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Veerle Baetens When It Melts Review


When It Melts | 2023 Sundance Film Festival Review

When It Melts | 2023 Sundance Film Festival Review

Vengeance on a Wet Afternoon: Baetens Prepares a Fatal Reckoning in Grim Debut

Veerle Baetens When It Melts ReviewHome is most certainly not where the heart is in When It Melts, the directorial debut of Belgian actor Veerle Baetens, adapted from the celebrated novel by Lize Spit. Baetens has long been a recognizable force in Belgian cinema over the past two decades, appearing in slick genre fare, like Erick Van Looy’s Loft (2008), Robin Pront’s The Ardennes (read review) and Oliver Masset-Depasse’s Mothers’ Instinct (2018), while most renowned for Felix Van Groeningen’s searing 2013 drama The Broken Circle Breakdown (read review). She’s chosen a troubling, and perhaps somewhat familiar approach in this trauma induced thriller, which features a disturbed, complex characterization deftly performed by two actors portraying the central character. While the third act climax feels a bit contrived and ultimately feeble, Baetens nudges us past an inevitable showdown into disquieting territory expertly utilizing the film’s diegetic riddle defining the narrative’s dramatic catalyst.

Eva (Charlotte De Bruyne) is living a tenuous existence in Brussels, or so it seems when her younger sister Tess (Femke Van der Steen) moves out. In an emotional tailspin, she stumbles upon a FaceBook post for the memorial of a boy who died in the village she was raised in, unearthing traumatic memories she might have laid to rest but never quite recovered from. The boy was the older brother of a childhood friend, one of the two boys she caroused with one seminal sweltering summer, where the locals referred to them as ‘The Three Musketeers.’ As Eva packs a large chunk of ice in her car and heads to the celebration, she recalls the memories of one defining summer, where her friends used her to procure other teenage girls to play an insidious game, whereby the girls would strip off all their clothes while trying to solve an impossible riddle about a hanged man hanging over a pool of water. While the younger Eva (Rosa Marchant) finds life at home increasingly fraught thanks to the severe issues of her unhappily married parents, she quickly begins to realize the problematic function of her role in the game.

It’s immediately apparent something is quite wrong with Eva as an adult, portrayed by Charlotte De Bruyne (who can also be seen in the Dardenne Bros.’ Tori & Lokita, 2022), having attachment related issues to her younger sister, moving away for school and inviting a posse of young men to help her with the move. Baetens gives us further clues to the sexual implications of her condition by sharing a scene with Eva at a bar with a much older man, whom she propositions awkwardly for oral sex, even though neither of them seem quite invested in the prospect. Such clues provide a direct beeline to the sexual trauma she experienced as a child, so much so nothing much seems a surprise except for the morbid flagellation heralded by the deadly block of ice she transports to her hometown.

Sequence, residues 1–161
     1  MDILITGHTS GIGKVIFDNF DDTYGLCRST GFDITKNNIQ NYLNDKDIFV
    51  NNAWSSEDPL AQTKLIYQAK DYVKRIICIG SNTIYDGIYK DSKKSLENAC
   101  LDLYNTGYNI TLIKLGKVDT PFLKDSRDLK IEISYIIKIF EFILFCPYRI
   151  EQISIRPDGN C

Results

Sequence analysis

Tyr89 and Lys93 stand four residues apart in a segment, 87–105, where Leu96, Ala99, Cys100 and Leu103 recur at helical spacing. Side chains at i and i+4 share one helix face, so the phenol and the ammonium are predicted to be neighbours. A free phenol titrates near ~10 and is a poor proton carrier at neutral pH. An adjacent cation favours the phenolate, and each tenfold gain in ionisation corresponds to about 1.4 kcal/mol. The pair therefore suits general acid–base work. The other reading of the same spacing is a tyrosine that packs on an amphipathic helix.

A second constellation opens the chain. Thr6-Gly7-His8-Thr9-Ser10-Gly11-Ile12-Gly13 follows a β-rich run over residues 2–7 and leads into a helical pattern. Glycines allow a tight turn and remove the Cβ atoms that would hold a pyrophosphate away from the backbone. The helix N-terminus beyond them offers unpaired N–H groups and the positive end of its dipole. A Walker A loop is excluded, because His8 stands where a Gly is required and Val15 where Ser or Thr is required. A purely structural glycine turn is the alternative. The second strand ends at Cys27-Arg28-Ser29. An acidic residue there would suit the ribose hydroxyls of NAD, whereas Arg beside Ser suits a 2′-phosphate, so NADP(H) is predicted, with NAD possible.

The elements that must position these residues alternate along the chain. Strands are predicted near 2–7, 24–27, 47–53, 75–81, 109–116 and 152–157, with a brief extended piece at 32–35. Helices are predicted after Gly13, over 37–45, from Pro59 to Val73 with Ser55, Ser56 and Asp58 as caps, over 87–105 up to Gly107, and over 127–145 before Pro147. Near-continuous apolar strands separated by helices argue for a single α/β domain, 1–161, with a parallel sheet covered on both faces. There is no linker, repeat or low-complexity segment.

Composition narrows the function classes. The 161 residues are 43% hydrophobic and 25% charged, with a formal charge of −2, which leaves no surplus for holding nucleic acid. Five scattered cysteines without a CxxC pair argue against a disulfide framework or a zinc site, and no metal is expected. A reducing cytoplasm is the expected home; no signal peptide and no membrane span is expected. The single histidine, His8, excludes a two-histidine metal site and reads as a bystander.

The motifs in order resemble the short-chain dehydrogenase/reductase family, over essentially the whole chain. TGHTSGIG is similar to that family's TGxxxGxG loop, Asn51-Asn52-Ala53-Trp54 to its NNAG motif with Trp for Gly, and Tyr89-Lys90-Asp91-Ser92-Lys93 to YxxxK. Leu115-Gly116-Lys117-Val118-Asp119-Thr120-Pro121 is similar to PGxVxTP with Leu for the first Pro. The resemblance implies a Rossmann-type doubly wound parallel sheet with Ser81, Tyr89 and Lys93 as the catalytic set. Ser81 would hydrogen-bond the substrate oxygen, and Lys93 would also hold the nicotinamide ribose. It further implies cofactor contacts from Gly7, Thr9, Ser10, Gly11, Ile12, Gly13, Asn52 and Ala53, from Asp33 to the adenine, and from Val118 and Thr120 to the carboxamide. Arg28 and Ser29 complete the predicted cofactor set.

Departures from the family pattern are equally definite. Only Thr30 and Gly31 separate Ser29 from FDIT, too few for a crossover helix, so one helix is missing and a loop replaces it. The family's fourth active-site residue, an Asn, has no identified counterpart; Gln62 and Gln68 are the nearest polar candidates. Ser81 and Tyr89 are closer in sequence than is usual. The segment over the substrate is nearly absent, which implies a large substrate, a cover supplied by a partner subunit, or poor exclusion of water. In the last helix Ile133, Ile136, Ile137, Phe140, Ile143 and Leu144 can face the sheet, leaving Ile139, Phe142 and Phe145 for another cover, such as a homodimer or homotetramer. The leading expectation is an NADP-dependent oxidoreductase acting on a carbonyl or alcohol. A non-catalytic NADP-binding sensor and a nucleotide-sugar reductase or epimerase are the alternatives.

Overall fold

There are striking similarities to the flashback structure of Jennifer Fox’s The Tale (2018) in these extended sequences, which take up the bulk of the running time, allowing for Rosa Marchant, as the younger version of Eva, to pull sympathetic focus. The adult sequences recall the Mila Kunis led Luckiest Girl Alive (2022), another film in which the ‘payoff’ is thwarted catharsis. Baetens doesn’t allow for the purgative vengeance of something like Promising Young Woman (2020), and Eva’s public performance at the scheduled memorial is perhaps the film’s most unexpectedly despairing moment exactly because it’s ultimately futile. Instead of storming into town and agitating her perpetrators like Ingrid Bergman in Bernhard Wicki’s The Visit (1964), Eva’s grand scheme hews close to the reality of small town patriarchal conditions.

The most interesting elements of When It Melts concern Eva as a gender traitor, utilized as a honey pot to lead other young women into the dastardly clutches of her two ‘friends,’ who also represent her only emotional support system thanks to a depressed, alcoholic mother and a detached father. Her attempts to befriend a haughty, confident blonde girl, whose horse becomes an inadvertent key player in Eva’s demise, seals Eva’s eternal state of victimhood. Ultimately not as harrowing or powerful as it could be despite leading with the kind of miserabilism which succeeds in generating distress, it is a narrative which maintains an ultimately troubling reality, predicated formidably on how women betraying other women ultimately secures cycles of trauma and abuse.

Reviewed on January 27th at the 2023 Sundance Film Festival – World Cinema Dramatic Competition. 111 Mins.


Los Angeles based Nicholas Bell is's Chief Film Critic and covers film festivals such as Sundance, Berlin, Cannes and TIFF. He is part of the critic groups on Rotten Tomatoes, The Los Angeles Film Critics Association (LAFCA), the Online Film Critics Society (OFCS) and GALECA. His top 3 for 2021: France (Bruno Dumont), Passing (Rebecca Hall) and Nightmare Alley (Guillermo Del Toro). He was a jury member at the 2019 Cleveland International Film Festival.

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